11 PRACTICAL WAYS TO GUIDE TEACHERS TOWARD DIFFERENTIATION (and an Evaluation Tool)
Chapman, Carolyn, King, Rita, Journal of Staff Development
Differentiated instruction adapts learning to the students' unique differences. The strategies and activities are student-centered, based on readiness, planned with flexible grouping designs, and changed as needed to meet the needs of all learners. These personalized experiences give students access to all of the information and skills they can assimilate in their learning journeys.
Differentiated instruction focuses on the diverse needs of the individual learners. The first step in developing a differentiated instructional program is to provide an introduction to the philosophy and an overview of the benefits for learners. After the introductory phase, teachers need to identify existing practices that effectively differentiate instruction.
Next, teachers can engage in reflection and discussion. The following statements and suggestions may help guide improvement sessions:
* What areas need to be improved?
* How can we strengthen our strongest areas for continuous growth?
* How can we strengthen our weakest areas?
* Which components need to be deleted?
* What areas require more professional development and training?
* What do individual teachers need to become more responsive to the unique needs of learners?
Staff developers, curriculum specialists, administrators, and teachers must build a repertoire of common terminology. A few phrases and terms related to differentiated instruction can serve as discussion points. As specific needs and goals are identified, the list can be adapted for growth and planning.
1. KNOW THE STANDARDS.
Standards provide the base for teachers to use in planning customized learning opportunities. Teachers strategically select the standard for each lesson. They interweave the strategies and activities to teach it.
Teachers often begin with standards that can be easily tied to strategies and activities that match their own intelligences, learning styles, and modalities. For example, a teacher with an affinity for music is apt to select standards that can be taught through musical experiences.
* Professional deveiopment opportunity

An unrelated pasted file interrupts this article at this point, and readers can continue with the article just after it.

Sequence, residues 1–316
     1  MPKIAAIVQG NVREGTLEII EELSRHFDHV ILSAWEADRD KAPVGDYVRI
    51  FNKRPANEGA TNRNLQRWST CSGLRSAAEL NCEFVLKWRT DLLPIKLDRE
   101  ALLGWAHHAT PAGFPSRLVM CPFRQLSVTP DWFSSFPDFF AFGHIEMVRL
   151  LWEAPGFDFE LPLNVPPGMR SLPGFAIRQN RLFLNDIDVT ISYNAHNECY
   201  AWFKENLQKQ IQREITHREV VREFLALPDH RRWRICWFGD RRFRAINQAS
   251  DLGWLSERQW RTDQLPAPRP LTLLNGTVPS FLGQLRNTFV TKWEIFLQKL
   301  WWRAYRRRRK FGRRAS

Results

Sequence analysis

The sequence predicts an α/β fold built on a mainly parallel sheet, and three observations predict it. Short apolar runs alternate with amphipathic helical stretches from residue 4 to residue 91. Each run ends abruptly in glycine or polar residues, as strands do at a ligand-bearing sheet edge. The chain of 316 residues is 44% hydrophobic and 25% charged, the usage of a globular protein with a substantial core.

Ask teachers to bring a list of the standards they use to a professional development session. Provide each participant with green, yellow, and red markers. Use directions similar to the following for teachers to analyze their knowledge and effectiveness with each standard:
1. Place a green dot by the standards you teach effectively.
2. Place a yellow dot by the standards that need more emphasis.
3. Place a red dot by the standards not addressed.
A majority of the marks will be green. The yellow and red marks identify the standards that need more emphasis. Encourage teachers to keep the list in their planning book or in a visible place so they can change the yellow and red dots to green as they become more confident and effective in teaching these standards.
Give teachers time to write each yellow and red standard on a sticky note. This makes it convenient for them to select a standard that needs more emphasis in their lessons.
2. VARY INSTRUCTIONAL STRATEGIES AND ACTIVITIES.
A variety of novel, stimulating strategies and activities will intrigue and challenge minds. Learning experiences must be planned to entice students with exciting, meaningful content. The learner must be guided to create relevant, personal connections to each lesson. When uniqueness and novelty are evident, students are more likely to focus on the lesson. More students grasp information and adapt it when their learning styles, modalities, intelligences, and interests are engaged.
* Professional development opportunity
Ask grade-level or subject-area teams to choose an upcoming unit that needs more variety in instructional strategies to meet diverse learner needs. When the group meets, have members brainstorm to identify a variety of instructional strategies and activities to teach a standard. …